Kamala Harris, Other 2020 Candidates Make Push to Showbiz Donors as First Deadline Nears

Kamala Harris Democratic candidate for US

When Sen. Kamala Harris (D-Calif.) speaks on Saturday evening at the Human Rights Campaign’s Los Angeles dinner, she’ll be sandwiching it into a prolific schedule of fundraising this weekend. She has four of them.

Sunday night at midnight is the first deadline of the 2020 presidential race — the end of the first quarter, and two weeks later campaigns will have to publicly report how much they raised in January, February and April and who gave to them.

It’s a measure of a campaign’s strength, viability and interest, and Harris likely will lead other candidates in the money primary when it comes to the amount she has raised from showbiz sources. She has been the most prolific in courting high-dollar donors at traditional fundraising receptions. Her first big Los Angeles one was at the home of Universal’s Jeff Shell and his wife Laura; she earlier this month headlined an event at the home of J.J. Abrams and Katie McGrath.

She’ll be on a blitz this weekend, apparently in the hopes of driving up her total. On Saturday afternoon, she is scheduled to attend a reception at the Pacific Palisades home of writer-producer-director Jenni Konner and writer-director Richard Shepard, with tickets starting at $1,000-per-person. Co-hosts include Ali Adler, Jessica Alba, Mindy Kaling, Kelly Sawyer Patricof and Shauna Weiss.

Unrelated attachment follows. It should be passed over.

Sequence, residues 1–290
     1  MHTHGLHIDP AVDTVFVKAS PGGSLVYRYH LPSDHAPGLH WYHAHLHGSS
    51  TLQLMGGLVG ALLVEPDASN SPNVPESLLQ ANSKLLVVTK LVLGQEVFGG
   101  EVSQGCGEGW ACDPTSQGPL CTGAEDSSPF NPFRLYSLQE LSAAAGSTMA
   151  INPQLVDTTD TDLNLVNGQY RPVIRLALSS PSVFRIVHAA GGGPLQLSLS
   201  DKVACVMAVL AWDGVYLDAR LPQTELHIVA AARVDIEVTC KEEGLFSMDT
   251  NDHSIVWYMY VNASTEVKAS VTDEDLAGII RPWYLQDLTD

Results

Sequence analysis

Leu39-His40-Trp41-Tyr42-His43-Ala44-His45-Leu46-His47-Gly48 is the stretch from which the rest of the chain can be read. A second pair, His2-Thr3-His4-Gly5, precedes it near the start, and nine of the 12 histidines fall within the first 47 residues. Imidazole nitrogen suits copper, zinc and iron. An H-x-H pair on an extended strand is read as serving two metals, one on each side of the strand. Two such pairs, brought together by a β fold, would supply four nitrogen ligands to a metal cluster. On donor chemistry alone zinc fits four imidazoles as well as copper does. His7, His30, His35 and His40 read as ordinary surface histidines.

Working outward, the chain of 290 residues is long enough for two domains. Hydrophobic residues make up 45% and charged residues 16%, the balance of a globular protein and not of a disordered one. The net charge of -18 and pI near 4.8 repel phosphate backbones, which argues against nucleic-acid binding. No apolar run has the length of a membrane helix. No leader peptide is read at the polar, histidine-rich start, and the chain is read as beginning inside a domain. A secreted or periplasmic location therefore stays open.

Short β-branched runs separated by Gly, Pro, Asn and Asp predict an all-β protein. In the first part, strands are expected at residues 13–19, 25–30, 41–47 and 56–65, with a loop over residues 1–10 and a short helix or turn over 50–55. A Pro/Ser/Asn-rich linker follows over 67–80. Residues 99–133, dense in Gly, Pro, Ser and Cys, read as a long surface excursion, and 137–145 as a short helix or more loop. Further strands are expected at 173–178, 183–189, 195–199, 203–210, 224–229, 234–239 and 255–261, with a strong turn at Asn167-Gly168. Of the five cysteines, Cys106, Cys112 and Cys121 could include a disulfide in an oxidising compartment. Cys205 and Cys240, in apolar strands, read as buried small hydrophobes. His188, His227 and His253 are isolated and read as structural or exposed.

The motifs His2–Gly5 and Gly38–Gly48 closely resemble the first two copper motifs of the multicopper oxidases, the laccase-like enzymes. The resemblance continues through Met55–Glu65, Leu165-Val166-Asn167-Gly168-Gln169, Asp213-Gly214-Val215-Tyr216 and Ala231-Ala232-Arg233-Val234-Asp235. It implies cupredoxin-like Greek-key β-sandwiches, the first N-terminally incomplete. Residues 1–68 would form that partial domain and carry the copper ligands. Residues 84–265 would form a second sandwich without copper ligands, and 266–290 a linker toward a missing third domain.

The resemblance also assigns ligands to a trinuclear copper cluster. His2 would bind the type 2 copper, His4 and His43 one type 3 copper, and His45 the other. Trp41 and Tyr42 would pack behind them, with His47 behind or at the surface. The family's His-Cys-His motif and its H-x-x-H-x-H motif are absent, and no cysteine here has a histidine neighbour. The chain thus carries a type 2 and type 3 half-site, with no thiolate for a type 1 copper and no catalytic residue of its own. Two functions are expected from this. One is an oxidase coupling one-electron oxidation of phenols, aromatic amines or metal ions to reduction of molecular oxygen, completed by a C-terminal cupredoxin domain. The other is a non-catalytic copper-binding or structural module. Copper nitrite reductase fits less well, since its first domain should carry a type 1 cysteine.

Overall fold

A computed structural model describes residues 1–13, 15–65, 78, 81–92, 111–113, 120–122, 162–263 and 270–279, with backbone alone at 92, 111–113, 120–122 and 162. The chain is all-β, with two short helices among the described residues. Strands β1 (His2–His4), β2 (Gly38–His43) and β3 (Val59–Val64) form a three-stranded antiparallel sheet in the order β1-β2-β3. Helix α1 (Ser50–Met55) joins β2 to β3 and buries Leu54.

On Sunday, Harris will be at the home of attorneys Michael Kraut and Dan McCarty for a morning reception, then she will attend an afternoon event at the home of writer Christy Callahan and MGM’s Jonathan Glickman. That evening, her campaign is leasing the headquarters of Funny or Die for a low-dollar event, with tickets are priced at $50 per person.

Other candidates have been courting potential donors. Pete Buttigieg, the mayor of South Bend, Ind., who is enjoying a publicity surge as the 2020 favorite longshot, is in Los Angeles on Friday in what the campaign described as private meetings before appearing on HBO’s “Real Time with Bill Maher.” Earlier this month, he headlined an event at Hillcrest Country Club, as part of a series of meet-and-greets a group of L.A. donors have been holding with the Democratic presidential aspirants.

Sen. Cory Booker (D-N.J.), who also is speaking at the HRC dinner, last week did a swing through Los Angeles and raised money at four different fundraisers, including one at the offices of agent Tracy Christian. Sen. Amy Klobuchar (D-Minn.) headlined an event at the home of UTA’s Jay Sures.

Other candidates, like Sen. Elizabeth Warren (D-Mass.), Sen. Bernie Sanders (I-Vt.) and former Rep. Beto O’Rourke have focused almost solely on raising huge sums online.

A number of showbiz donors say that they want to meet the candidates and see who emerges from the still-growing field, including former Vice President Joseph Biden, who has yet to announce whether he will run but who would likely be a top draw among Hollywood’s veteran political players.

But Harris has a head start in the money primary. She’s bypassing the introductory meet-and-greets that have been common in the past few months in favor of events where attendees are sure to write checks.

“She’s got a good team. There are a lot of very good people working with her campaign,” says Mathew Littman, a political consultant and speechwriter. He said that the first quarter numbers will be a sign of her support, albeit he expects a number of L.A. donors to contribute to more than one candidate.

The next three months likely will see even more competition to draw in bundlers, fundraisers and donors to a campaign.

“We are in the ‘getting-to-know-the-candidate stage right now, and pretty soon that stage will end,” he says. “That has to end pretty quickly, because all of these candidates need money.”